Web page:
The animals that have been tapped to pick the winners of the 2014 World Cup have a tough act to follow.
Their predecessor, Paul the Octopus, correctly predicted the results of eight games in the 2010 tournament but died later that year, Mashable reported.
The "psychic" octopus would predict matches by swimming to one of two boxes filled with food that had a country's flag on it.
But his prognostications weren't flawless. Paul incorrectly predicted that Germany would beat Spain in the Euro 2008 final, BBC News reported.
So who's going to fill the void that Paul left behind? Let's meet our contestants.
The loggerhead turtle at the Praia do Forte sanctuary north of Salvador, Brazil chose a fish hanging from a Brazilian flag to predict that the host country would triumph over Croatia in the opening game.
Pets at Home has tapped Roo to pick the World Cup winners after she correctly predicted that Pineau de Re would win this year's Grand National title, the U.K.'s Metro newspaper reports. She picked England to defeat Italy in their opening match this Saturday by choosing a bowl of dog biscuits with the country's flag on it.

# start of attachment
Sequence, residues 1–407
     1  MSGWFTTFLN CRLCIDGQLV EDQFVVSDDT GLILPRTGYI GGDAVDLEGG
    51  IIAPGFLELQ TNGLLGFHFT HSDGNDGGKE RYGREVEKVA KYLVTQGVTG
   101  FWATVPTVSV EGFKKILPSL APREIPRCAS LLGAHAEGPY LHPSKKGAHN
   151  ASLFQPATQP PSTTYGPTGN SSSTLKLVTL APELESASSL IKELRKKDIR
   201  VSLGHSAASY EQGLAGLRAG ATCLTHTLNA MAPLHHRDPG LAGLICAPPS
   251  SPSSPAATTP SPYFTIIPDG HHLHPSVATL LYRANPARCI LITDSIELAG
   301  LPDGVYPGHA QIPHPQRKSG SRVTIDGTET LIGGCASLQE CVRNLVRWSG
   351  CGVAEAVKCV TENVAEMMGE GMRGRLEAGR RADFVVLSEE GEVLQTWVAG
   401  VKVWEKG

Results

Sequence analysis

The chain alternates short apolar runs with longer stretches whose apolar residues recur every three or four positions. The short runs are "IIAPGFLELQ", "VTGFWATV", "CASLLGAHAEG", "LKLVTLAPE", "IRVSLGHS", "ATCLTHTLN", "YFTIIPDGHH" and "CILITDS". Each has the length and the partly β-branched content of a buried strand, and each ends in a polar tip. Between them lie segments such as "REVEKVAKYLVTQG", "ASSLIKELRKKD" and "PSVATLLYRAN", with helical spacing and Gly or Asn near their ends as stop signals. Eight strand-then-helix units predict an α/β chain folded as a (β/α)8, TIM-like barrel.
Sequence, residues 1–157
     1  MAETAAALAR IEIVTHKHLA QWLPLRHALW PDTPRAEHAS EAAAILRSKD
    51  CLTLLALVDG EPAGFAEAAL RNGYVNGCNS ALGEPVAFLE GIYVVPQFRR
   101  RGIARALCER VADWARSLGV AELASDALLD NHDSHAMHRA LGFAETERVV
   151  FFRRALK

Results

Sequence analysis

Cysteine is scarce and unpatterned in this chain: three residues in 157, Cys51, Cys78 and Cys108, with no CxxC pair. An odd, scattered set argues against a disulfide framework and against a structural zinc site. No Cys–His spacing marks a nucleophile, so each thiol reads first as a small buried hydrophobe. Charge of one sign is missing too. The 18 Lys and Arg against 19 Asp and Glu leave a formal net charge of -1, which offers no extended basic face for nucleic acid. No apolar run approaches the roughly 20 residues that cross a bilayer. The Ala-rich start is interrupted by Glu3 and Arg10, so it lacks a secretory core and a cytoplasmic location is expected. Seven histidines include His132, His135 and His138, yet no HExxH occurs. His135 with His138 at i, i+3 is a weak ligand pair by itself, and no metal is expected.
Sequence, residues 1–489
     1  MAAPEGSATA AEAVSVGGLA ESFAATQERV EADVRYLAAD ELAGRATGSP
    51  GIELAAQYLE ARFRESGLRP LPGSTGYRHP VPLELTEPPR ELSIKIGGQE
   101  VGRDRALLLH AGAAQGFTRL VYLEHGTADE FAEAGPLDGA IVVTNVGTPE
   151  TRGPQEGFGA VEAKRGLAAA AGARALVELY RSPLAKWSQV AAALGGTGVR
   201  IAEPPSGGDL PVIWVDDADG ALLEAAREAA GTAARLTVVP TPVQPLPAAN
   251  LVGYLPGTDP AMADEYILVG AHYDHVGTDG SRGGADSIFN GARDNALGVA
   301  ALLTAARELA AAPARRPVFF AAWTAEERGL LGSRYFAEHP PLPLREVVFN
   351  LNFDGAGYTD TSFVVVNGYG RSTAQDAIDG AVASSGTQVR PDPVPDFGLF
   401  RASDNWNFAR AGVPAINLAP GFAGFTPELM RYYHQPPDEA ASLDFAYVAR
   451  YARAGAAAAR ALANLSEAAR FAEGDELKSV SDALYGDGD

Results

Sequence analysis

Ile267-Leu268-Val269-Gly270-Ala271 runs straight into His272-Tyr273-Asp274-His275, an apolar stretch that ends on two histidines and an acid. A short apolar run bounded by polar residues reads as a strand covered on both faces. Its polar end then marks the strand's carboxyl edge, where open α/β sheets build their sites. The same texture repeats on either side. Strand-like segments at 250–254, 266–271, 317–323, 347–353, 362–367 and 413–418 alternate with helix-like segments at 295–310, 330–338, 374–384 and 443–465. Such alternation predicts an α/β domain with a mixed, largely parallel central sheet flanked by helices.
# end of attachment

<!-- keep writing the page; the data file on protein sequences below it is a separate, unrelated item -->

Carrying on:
Nelly, an elephant who lives at Serengeti Park in Hodenhagen, Germany, accurately predicted the results of the 2010 World Cup and Euro 2012, so she's a natural to pick this year's winners, The International Business Times reports. She makes her predictions by kicking a ball into a goal with national flags attached. So far she has predicted that Germany will beat Portugal, though she also picked the U.S. to overtake Die Mannschaft. Her pick record is 30 for 33.
Waslawi the racing camel stuck his neck out for a massive upset in the opening World Cup game, (incorrectly) predicting Croatia to overtake host Brazil, Abu Dhabi's National newspaper reports. Shaheen, meanwhile, correctly picked the Netherlands to beat Spain in the group stage.
China may not have made the World Cup this year, but that doesn't mean it can't have a place in the competition. A group of panda cubs from the Giant Panda Protection and Research Centre in Sichuan has been tasked with predicting matches through a series of activities, the South China Morning Post reported. In the group stage, they'll take food from baskets to predict a win, loss or draw.
(For the record, the pandas pictured above are not the same pandas.)
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